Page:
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Annoying 'Use of uninitialized value in concatenation' warning

by alain_desilets (Beadle)
on Oct 25, 2011 at 19:47 UTC ( #933686=perlquestion: print w/ replies, xml ) Need Help??
alain_desilets has asked for the wisdom of the Perl Monks concerning the following question:

Hi folks,

I have been using 'use strict' for years, but was only recently introduced to 'use warnings'. While I find it generally useful, it tends to generate warnings in contexts where I think it shouldn't, in particular when trying to print a variable whose value is undef.

For example, consider the following code:

use strict; use warnings; my @some_array = (1, 2, undef, 4, 5); for (my $ii=0; $ii < scalar(@some_array); $ii++) { print "Value at position $ii: $some_array[$ii]\n"; }

This code prints the elements of an array, some of which have value undef. If you run it, you get error messages

"Use of uninitialized value $some_array2 in concatenation (.) or string at etc..."

Yet, it's perfectly fine for an array to contain some values of undef. Why shouldn't I be allowed to print them?

Is there a way around this issue? Thx.

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Re: Annoying 'Use of uninitialized value in concatenation' warning
by runrig (Abbot) on Oct 25, 2011 at 19:55 UTC
    If you don't care about uninitialized warnings in your loop then put in your loop:
    no warnings 'uninitialized';

    If you don't care about uninitialized warnings in the entire script, then put that line right underneath the use warnings line.

    If you don't care about any sort of warnings at all, then don't include a use warnings line.

Re: Annoying 'Use of uninitialized value in concatenation' warning
by Perlbotics (Abbot) on Oct 25, 2011 at 20:06 UTC

    You can silence the warning (if you know what you do) or you can detect and treat the undef-case. However, it is wise to keep the no warnings; scope small. Update: See also johngg's hint below about the do{ ... } trick.

    When in doubt, I suggest to treat the undef-case, and let the warning pragma do its job. Often, an undef warning reveals a bug that was otherwise undetected.

    use strict; use warnings; sub original_post { my @some_array = (1, 2, undef, 4, 5); for (my $ii=0; $ii < scalar(@some_array); $ii++) { print "Value at position $ii: $some_array[$ii]\n"; } } sub detect_undef_and_set { my @some_array = (1, 2, undef, 4, 5); #alternative-1: fix data structure # @some_array = map { $_ // '(oops! undef!!)' } @some_array; for (my $ii=0; $ii < scalar(@some_array); $ii++) { #alternative-2: fix output print "Value at position $ii: ", $some_array[$ii] // '(oops! undef +!)' , "\n"; } } sub no_warnings { my @some_array = (1, 2, undef, 4, 5); for (my $ii=0; $ii < scalar(@some_array); $ii++) { no warnings 'uninitialized'; # for this lex scope only print "Value at position $ii: $some_array[$ii]\n"; } } print "ORIG:\n"; original_post(); print "CHECK:\n"; detect_undef_and_set(); print "NO WARN:\n"; no_warnings(); __DATA__ RIG: Value at position 0: 1 Value at position 1: 2 Use of uninitialized value $some_array[2] in concatenation (.) or stri +ng at nowarn.pl line 7. Value at position 2: Value at position 3: 4 Value at position 4: 5 CHECK: Value at position 0: 1 Value at position 1: 2 Value at position 2: (oops! undef!) Value at position 3: 4 Value at position 4: 5 NO WARN: Value at position 0: 1 Value at position 1: 2 Value at position 2: Value at position 3: 4 Value at position 4: 5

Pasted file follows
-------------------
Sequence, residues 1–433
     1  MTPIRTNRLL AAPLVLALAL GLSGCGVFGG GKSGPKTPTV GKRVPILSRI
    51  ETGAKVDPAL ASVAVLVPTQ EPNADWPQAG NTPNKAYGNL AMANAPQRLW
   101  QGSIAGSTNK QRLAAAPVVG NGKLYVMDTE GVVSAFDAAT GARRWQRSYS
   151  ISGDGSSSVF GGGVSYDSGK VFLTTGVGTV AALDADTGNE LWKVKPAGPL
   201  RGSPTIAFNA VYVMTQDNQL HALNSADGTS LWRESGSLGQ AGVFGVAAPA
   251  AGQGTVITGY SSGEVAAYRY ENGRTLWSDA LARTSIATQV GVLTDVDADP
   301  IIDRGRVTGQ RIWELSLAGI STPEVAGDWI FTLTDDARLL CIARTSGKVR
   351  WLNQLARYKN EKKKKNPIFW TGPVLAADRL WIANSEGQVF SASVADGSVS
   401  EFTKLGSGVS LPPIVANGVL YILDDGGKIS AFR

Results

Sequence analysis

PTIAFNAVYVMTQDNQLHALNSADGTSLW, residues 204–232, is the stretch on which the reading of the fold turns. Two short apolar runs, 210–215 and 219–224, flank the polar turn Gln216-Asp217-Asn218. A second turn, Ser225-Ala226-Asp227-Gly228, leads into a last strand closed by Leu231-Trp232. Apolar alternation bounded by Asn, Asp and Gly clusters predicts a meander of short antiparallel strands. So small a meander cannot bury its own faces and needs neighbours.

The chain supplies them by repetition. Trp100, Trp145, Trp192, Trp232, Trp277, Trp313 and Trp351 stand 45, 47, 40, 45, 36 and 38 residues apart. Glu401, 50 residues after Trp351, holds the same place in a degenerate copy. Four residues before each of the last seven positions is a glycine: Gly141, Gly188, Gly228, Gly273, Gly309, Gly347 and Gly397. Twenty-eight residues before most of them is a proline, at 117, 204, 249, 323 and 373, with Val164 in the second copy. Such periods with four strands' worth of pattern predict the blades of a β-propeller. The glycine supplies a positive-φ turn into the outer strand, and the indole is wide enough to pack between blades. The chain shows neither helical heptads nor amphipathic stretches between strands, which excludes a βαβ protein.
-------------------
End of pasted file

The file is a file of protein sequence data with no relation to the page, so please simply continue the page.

You can confine the no warnings 'uninitialised'; to the lexical scope but you can make it even tighter if you wish by confining it to the print with the use of a do block.

      for (my $ii=0; $ii < scalar(@some_array); $ii++) { print do { no warnings 'uninitialized'; # for the do block only "Value at position $ii: $some_array[$ii]\n"; }; }

      I hope this is of interest.

      Cheers,

      JohnGG

Re: Annoying 'Use of uninitialized value in concatenation' warning
by toolic (Chancellor) on Oct 25, 2011 at 20:09 UTC
    ... furthermore, controlling this behavior is described in the documentation available at your fingertips:

    perldoc warnings

    which also points to perllexwarn